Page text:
A number of views have been expressed that 'marriage' between two heterosexual couples is not the same as a 'homosexual liaison'.

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2. An attempt of analysing our approach to marriage is to ask ourselves how many of the same principle might apply to gay and lesbian relationships. A number of views have been expressed that ‘marriage’ between two heterosexual couples is not the same as a ‘homosexual liaison’.

“As a Baptist Minister, I cannot see how gay relationships can possibly be equated to marriage. Marriage is a unique institution because it allows for the possibility of children being conceived and nurtured. In marriage, a man and a woman makes an exclusive commitment to each other. Whilst I recognise that this does not always work out in practice, no comparable situations can ever apply to homosexual couples”

 The question of same-sex marriage is relatively new on the Family law agenda in this country.

 Until the Sexual Offences (Amendment) Act 1957, sexual intercourse between males was a criminal offence. Complaints that such law violated the right to respect for private life under Article 8 of the European Convention on Human Rights were routinely found inadmissible during the 1950s and 1960s. However, things started changing in the 1970s by the Court of Appeal decision in 1981, that the total prohibition in Northern Ireland was a breach of Article 8(1) which could not be justified under Article 8(2) as “necessary in a democratic society” either for the protection of morals or the rights and freedoms of others.

  But that does not mean that same-sex couples have to be accorded the same rights and duties as married or unmarried opposite sex couples. The freedom gained from the interference with one’s “private life” is one thing; giving it the same respect as is due to one’s “family life” under the Convention is another.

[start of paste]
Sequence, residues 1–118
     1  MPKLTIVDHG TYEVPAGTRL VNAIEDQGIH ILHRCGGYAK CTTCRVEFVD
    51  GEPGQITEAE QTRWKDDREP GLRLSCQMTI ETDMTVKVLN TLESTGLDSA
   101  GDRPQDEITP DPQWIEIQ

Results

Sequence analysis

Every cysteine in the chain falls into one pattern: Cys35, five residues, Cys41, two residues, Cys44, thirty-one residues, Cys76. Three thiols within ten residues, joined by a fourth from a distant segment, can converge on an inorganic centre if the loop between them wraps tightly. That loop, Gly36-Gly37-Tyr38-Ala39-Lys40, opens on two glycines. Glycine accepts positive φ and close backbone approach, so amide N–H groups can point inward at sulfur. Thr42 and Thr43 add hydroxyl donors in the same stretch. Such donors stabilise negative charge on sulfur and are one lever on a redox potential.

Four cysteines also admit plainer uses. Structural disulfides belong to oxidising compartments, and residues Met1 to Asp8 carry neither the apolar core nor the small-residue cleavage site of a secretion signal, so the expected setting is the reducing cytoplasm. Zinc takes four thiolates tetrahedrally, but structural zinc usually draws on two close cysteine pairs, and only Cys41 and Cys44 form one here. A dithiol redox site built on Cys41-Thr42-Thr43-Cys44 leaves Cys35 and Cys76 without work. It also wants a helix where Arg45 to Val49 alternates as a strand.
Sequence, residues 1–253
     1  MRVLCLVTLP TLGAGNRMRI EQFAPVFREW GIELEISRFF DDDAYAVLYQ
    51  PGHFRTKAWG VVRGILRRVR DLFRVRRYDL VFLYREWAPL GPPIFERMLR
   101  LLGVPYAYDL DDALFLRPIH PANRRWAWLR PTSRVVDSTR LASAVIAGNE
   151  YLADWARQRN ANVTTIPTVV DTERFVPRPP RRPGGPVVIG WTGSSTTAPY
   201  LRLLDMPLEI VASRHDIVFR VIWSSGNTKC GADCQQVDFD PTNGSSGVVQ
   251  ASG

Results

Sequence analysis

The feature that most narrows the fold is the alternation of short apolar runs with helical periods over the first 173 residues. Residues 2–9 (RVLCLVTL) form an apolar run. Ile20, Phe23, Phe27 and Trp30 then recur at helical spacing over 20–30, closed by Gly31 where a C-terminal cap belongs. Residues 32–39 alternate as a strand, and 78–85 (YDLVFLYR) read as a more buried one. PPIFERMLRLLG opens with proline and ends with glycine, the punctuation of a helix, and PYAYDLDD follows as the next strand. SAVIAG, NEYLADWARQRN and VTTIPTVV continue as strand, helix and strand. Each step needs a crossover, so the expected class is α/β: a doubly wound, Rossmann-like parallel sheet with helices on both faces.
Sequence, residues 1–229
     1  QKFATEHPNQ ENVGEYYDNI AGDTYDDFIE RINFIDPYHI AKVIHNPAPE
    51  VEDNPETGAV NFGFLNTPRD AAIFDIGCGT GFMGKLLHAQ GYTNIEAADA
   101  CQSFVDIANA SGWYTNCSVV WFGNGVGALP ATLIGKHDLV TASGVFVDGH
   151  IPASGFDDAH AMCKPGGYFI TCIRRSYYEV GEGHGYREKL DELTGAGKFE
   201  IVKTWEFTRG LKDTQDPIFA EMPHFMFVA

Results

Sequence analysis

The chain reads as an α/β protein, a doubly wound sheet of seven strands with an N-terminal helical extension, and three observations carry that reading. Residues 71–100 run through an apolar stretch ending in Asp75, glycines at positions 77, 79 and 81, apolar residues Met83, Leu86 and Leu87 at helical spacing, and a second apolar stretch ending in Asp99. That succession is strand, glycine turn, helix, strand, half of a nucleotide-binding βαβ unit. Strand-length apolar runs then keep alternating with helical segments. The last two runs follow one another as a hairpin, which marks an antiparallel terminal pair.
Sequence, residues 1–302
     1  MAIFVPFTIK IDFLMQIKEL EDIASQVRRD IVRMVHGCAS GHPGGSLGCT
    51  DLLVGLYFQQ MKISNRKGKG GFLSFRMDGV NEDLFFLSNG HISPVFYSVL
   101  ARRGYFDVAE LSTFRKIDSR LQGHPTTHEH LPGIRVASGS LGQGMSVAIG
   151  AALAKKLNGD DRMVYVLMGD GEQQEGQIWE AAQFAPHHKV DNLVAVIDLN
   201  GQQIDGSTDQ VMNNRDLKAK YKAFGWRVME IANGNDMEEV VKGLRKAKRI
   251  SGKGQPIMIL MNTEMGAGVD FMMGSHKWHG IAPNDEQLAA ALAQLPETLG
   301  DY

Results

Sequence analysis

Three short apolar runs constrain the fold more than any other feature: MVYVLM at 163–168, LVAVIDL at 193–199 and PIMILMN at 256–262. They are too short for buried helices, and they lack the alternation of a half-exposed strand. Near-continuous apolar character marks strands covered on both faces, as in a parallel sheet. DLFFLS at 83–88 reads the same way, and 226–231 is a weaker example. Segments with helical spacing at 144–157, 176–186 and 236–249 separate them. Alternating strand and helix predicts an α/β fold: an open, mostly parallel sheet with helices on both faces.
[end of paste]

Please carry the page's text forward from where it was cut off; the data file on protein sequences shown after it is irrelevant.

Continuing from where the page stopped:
So far the European Commission on Human Rights has not recognised that the relationship of a same-sex couple as constitutes their “family life”.


      In Simpson v UK a woman faced eviction from her house following the death of her lesbian partner, the deceased being the only legal tenant of the house. Under national legislation the court grants a succession right to the person who lived together as ‘husband and wife’, but the Court of Appeal interpreted this phrase as meaning ‘unmarried different sex partner’. The Commission concluded that the applicant did not have a ‘family life’ with her deceased partner. The appellant’s strongest argument was that she had suffered discrimination in relation to her ‘home’, in contradiction of Articles 8 and 14 ‘for no other reason that she was of the wrong sex’. The Commission accepted that she had been treated differently but they found an objective and reasonable justification for such treatment, concluding that it was not ‘discrimination’ because ‘the family (to which the relationship of heterosexual unmarried couples can be assimilated) merits special protection in society and [the Commission] sees no reason why a [government] should not afford particular assistance to families.

  In Roosli v. Germany the Commission merely adopted the same reasoning as that in Simpson. The Commission found no reasoning to depart from Simpson, having regard to the German courts reasoning: ‘Views on marriage and family had changed in society and justified the extension of the [statutory terms ‘family member’] to [unmarried] heterosexual couples. However, homosexual or lesbian couples were not similarly accepted in society’.